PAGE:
The series begins with Yoshino Koharu, who is a recent college graduate. Rejected from another job interview, she ends up taking an offer to work in the small agricultural town of Manoyama. She is reluctant at first, to the point of trying to escape and not be stuck in the boonies under a year-long contract. She joins a campaign by the Tourism Board to revitalize the town by becoming the town’s “Queen,” their version of a tourism ambassador. Gathering four others, her team must rejuvenate the town while navigating through rural politics and rallying the citizens to act.
The premise of the show is enjoyable because I’m a sucker for anime in rural settings, and it’s also part of the “Working Life” series by P.A. Works, which deal with unique work environments. For those familiar with the “Working Life” series, you’re in for another solid show in a unique setting with a cast of well-developed characters. The story is told as the girls tackle a variety of issues to revitalize the town, including reviving the economy by increasing tourism and garnering interest in the town’s traditional festivals and wood crafts. The story tackles each specific issue before moving on, making it feel like there’s always something new happening, and the events are relevant to progressing the story and character development. However, it never revisits previous projects or ties everything together for the audience.
Overall, the show has a lighthearted story that tells the efforts of a group of people trying to revitalize a town. Yoshino assembles a main team that needs to address the tourism and economic issues facing Manoyama while maintaining the town’s cultural heritage. Similar to real life, sometimes their efforts pay off while the difficulty of other projects showcase the difficulties of rural politics and lifestyles. By the end of the series, however, there is a clear change in Manoyama’s mindset. The conflict does not feel unnecessary and works to further the development of the characters. There are amusing moments, but the comedy often falls flat. It drags on a little towards the end, but the conclusion is solid and shows the change in the town and characters that it initially set out to portray.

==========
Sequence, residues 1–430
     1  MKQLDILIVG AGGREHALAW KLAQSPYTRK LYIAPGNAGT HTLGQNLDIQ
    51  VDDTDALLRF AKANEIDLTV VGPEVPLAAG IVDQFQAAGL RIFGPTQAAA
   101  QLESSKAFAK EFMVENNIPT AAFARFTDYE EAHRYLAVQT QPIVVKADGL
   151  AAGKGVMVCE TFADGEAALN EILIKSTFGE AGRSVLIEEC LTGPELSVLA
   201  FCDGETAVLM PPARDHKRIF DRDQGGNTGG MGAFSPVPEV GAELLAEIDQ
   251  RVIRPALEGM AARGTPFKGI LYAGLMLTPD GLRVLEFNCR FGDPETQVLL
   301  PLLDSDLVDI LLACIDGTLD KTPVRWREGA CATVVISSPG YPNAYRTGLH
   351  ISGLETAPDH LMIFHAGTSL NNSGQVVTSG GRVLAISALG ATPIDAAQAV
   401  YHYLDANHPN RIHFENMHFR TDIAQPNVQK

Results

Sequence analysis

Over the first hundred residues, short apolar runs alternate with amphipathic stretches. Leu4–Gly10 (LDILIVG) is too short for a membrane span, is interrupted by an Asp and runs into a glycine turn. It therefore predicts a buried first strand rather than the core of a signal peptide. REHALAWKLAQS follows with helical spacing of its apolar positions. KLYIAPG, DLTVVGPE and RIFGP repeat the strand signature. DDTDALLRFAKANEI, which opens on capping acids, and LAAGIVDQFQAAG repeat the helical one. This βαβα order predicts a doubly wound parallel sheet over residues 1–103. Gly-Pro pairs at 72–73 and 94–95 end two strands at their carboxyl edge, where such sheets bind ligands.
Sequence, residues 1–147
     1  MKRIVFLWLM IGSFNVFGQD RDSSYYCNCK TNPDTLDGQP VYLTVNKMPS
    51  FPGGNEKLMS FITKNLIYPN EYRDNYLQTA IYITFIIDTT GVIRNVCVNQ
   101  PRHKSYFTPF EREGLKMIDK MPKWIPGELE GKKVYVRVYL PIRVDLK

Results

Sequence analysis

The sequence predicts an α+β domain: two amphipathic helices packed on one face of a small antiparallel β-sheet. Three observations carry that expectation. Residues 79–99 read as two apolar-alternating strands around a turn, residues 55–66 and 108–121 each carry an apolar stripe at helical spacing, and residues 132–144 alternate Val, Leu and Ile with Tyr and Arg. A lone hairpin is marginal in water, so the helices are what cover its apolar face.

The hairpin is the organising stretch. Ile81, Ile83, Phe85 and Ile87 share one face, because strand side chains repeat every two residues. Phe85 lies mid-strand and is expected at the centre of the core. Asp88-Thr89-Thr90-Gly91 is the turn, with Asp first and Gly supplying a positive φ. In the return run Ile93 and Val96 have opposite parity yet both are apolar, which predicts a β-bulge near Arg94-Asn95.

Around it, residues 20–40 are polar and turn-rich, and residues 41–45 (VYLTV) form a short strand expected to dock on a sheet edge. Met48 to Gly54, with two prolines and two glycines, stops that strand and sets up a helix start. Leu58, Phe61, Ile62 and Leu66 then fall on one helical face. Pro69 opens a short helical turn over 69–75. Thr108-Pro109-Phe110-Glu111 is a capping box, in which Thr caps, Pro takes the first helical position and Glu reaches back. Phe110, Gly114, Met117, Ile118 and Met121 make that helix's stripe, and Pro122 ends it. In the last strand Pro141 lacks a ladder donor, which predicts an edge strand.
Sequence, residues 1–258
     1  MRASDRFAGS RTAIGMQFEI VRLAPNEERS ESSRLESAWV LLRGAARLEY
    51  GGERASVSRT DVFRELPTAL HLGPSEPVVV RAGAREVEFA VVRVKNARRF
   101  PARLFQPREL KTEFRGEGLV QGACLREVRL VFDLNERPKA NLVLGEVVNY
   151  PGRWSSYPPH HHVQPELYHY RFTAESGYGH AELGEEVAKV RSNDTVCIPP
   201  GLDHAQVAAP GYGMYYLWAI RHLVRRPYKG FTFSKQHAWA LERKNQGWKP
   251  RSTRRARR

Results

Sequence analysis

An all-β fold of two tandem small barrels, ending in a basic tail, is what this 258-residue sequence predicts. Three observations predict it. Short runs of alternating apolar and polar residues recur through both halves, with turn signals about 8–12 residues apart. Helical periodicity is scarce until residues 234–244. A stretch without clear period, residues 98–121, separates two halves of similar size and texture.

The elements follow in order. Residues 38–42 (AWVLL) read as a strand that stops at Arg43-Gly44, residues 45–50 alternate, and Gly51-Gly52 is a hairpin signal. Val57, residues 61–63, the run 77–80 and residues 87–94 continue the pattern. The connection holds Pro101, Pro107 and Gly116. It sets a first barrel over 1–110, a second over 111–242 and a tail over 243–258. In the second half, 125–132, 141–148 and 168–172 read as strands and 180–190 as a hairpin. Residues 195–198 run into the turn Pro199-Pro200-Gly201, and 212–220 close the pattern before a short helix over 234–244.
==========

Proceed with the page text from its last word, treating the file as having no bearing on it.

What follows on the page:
The show revolves around a core group of five girls: Yoshino, Shiori, Maki, Sanae, and Ririko. Yoshino is the eternally cheerful main character who relentlessly works to solve the town’s problems and rallies the people around her into action. Sanae, like Yoshino, is an outsider of Manoyama and has an air of urban practicality in her personality and way of thinking. Maki acts like the cool older sister and voice of reason for the younger characters. Shiori is a very positive person who works with everyone to better her hometown. Lastly, Ririko is a quiet person who hates her hometown and does not have the courage to leave, but gets convinced to join Yoshino’s team.
As a group, they have a strong dynamic, as they support each other’s ideas and efforts. However, they shine even more as individuals in how relatable they are. Since all of them have well-developed backgrounds, motivations, and issues, I was able to see different aspects of myself in each of the characters. Even the supporting cast feels realistic as they all have different, but easily relatable, motivations for helping (or not) with the projects developed by the Tourism Board. Sakura Quest conveys the message that life can take people on different paths, showing the characters encountering a wide range of issues, while also having them deal with the problems in realistic ways.
Animation and Music
The animation for Sakura Quest is very polished and smooth, being very similar to Shirobako, the studio’s previous installation for the “Working Life” series. The designs and vibrant color scheme are archetypical from P.A. Works and draw the audience in. Even though there aren’t many flashy scenes, the show still thrives from its simple portrayal of nature and how unique each character is.
The soundtrack for the anime didn’t stand out compared to Hanasaku Iroha, the first installation of the “Working Life” series. Instead, it focused on meshing well with the animation to draw the viewer in and conveyed the simplicity of the show. The first ending song, “Freesia” by (K)NoW_NAME, was both wistful and hopeful, which perfectly captured the tone of the show. What really caught my attention was how the end of an episode always transitioned into this ending song so well.
Overall, Sakura Quest is an enjoyable show for fans of the slice-of-life genre, even if it has gone under the radar. There is a solid story that is supported by a cast of strong and well-developed characters, to the point that they feel like real people. This may not be the show to pick up if you’re expecting a fast-paced plot. I highly recommend Sakura Quest as a show that tells a story about preserving tradition, a slower way of life, and self-discovery. You can take your journey one step at a time, as all episodes are now available for free on Crunchyroll, or simply read more about it at Anime Planet.